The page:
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Biden’s Band-Aid Border Policy Fueled Haiti’s Descent

Haitian migrants wait in northern Mexico
Image CreditEmily Jashinsky/The Federalist

Biden is destabilizing countries from Chile to Mexico, clouding pathways for people fleeing violence with legitimate asylum claims, and boosting cartel control of Latin America.

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It would be foolish to blame any one factor for the roiling tragedy in Haiti, but America’s lawless immigration policy played a much bigger role than media reports suggest. By backing Ariel Henry, who resigned as prime minister this week, the Biden administration sacrificed Haitian politics at the altar of lenient border security.

Meddling in Haiti is hardly a new idea for Foggy Bottom. After our two-decade 20th-century occupation ended in 1934, the U.S. treated Haiti like other Caribbean countries during the Cold War, strategically controlling their politics to prevent Soviet influence from expanding within striking distance. Now, of course, to even the most cold-blooded realist, Haiti’s close proximity remains relevant.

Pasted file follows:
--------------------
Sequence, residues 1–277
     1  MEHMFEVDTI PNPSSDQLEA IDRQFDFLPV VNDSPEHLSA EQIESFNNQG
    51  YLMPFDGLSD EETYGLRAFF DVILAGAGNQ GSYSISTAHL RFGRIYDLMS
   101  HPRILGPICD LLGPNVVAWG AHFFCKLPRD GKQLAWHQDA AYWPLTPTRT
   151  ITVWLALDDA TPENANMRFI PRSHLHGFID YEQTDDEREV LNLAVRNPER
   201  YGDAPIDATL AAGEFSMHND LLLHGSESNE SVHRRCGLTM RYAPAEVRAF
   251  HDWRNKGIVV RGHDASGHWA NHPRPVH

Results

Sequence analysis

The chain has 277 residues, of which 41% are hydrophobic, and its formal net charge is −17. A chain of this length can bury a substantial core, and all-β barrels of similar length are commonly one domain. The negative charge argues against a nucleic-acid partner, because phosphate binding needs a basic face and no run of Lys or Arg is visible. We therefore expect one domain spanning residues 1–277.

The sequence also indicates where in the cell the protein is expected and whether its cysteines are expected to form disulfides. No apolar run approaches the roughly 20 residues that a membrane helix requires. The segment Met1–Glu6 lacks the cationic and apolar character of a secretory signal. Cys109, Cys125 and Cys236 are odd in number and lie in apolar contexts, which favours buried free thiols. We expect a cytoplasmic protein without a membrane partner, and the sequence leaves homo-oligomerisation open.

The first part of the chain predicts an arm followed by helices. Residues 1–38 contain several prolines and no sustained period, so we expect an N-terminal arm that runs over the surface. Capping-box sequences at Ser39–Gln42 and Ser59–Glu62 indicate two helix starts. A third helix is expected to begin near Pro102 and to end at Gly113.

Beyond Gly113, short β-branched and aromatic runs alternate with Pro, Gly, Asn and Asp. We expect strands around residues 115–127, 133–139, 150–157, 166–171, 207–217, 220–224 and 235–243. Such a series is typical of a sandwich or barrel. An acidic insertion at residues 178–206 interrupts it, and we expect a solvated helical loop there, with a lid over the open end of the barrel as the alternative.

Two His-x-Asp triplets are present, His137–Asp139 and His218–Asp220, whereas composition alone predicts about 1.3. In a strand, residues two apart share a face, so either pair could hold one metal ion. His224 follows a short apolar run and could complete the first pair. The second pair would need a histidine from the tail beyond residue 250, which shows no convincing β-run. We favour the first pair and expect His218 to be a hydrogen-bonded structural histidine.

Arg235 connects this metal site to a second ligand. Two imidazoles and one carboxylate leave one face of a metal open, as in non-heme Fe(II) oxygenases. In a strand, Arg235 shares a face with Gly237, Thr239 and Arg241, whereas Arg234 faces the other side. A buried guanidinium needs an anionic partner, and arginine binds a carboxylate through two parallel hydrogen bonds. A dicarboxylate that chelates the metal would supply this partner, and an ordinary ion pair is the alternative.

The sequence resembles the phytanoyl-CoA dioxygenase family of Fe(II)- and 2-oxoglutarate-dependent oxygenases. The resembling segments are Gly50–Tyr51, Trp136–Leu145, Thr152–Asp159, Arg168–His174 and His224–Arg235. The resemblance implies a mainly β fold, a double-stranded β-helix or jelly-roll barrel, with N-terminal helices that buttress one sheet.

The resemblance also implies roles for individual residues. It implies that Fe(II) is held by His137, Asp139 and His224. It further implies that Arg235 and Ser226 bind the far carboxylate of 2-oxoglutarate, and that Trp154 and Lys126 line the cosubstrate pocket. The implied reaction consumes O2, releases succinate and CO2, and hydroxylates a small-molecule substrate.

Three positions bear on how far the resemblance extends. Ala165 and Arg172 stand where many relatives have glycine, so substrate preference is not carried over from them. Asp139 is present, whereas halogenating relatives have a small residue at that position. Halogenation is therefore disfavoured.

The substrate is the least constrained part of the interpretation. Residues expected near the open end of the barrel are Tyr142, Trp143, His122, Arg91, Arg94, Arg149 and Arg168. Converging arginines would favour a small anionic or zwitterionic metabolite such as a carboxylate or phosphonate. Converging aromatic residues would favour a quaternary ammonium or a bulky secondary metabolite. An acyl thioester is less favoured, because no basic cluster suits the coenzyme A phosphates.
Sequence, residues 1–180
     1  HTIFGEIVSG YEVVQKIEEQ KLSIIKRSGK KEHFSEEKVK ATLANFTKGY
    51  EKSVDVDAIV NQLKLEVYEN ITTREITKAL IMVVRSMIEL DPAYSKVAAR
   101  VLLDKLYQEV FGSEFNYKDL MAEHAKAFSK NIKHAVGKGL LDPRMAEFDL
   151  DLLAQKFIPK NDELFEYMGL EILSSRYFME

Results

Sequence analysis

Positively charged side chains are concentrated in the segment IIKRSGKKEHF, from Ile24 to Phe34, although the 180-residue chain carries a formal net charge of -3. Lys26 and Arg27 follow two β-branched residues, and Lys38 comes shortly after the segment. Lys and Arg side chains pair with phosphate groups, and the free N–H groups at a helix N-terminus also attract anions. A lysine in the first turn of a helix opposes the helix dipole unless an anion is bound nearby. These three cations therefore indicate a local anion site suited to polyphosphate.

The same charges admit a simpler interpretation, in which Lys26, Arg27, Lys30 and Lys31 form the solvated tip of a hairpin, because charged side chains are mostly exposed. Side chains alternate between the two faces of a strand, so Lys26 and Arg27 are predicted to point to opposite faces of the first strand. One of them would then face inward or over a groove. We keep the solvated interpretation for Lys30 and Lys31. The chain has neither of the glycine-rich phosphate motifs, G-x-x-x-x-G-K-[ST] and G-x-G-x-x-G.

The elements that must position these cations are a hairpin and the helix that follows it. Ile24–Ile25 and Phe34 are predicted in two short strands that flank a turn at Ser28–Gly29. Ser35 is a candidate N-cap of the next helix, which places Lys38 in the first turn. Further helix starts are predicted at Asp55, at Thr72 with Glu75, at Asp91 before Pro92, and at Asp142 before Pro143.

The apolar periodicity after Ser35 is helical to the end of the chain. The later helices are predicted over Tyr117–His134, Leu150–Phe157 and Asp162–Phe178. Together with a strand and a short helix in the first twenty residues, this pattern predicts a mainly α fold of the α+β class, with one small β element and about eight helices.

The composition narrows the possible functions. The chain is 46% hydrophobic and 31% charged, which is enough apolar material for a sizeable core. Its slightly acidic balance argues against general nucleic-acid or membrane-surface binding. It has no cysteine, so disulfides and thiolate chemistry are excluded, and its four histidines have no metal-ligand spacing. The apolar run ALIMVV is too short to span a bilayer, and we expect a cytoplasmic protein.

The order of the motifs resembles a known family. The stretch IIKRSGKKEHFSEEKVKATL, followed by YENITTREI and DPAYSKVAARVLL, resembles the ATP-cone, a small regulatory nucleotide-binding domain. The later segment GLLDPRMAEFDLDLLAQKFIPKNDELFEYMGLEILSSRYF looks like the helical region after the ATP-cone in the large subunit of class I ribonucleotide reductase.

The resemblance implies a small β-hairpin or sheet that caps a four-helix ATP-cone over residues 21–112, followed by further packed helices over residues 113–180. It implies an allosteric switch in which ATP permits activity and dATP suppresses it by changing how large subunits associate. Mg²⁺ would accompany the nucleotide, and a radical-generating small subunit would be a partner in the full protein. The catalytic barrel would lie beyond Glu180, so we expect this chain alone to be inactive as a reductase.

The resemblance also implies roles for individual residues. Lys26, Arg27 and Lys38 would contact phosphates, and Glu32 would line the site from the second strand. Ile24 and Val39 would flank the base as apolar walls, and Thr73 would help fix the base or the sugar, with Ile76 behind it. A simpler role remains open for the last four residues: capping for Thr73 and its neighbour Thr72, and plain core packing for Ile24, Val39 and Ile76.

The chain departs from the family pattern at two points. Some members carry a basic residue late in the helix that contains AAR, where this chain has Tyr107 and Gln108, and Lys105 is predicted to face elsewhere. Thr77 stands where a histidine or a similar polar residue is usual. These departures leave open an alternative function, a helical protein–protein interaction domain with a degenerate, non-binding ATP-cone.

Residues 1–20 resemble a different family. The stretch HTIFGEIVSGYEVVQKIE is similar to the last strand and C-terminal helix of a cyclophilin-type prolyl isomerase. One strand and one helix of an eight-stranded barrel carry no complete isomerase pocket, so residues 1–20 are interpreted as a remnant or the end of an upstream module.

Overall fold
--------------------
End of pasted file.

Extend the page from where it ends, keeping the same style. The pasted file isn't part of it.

This is what almost nobody admits about the current unrest. According to his own former special envoy to Haiti, President Biden’s “chief reason” for backing Ariel Henry was the new president’s “malleability and the fact that he agreed that he would take all the deportees that they wanted to send.” This was reported in September of 2022 by Todd Bensman in the New York Post, though Biden faced little scrutiny over the blockbuster revelation as Henry’s Haiti descended deeper and deeper into the depths of suffering.

Biden appointed Daniel Foote to the role of special envoy in July of 2021 after the assassination of President Jovenel Moise, whom both Presidents Trump and Biden supported. (The attack itself was largely planned in Miami, and though the Drug Enforcement Agency says he was not acting on its behalf, one of the convicted assassins was an informant.) Moise picked Henry to take over for him two days before his death, and Henry ultimately assumed the role following a brief power struggle, thanks in no small part to backing from the U.S.

According to Foote, the Biden administration supported Henry even as he failed to enact democratic reforms because the prime minister agreed to accept migrant flights amid huge gatherings of Haitians at the Texas border. In an October 2022 interview with my “Counter Points” colleague Ryan Grim and me, Foote said “the deportations were the straw that broke the camel’s back” when he resigned. “It’s completely counterproductive to our goal of restabilizing Haiti,” he argued. Moise and Henry were both members of America’s preferred PHTK party, and while the U.S. publicly claimed to push for democracy in Haiti, the administration did not withdraw its support as both men consolidated power and oversaw chaos.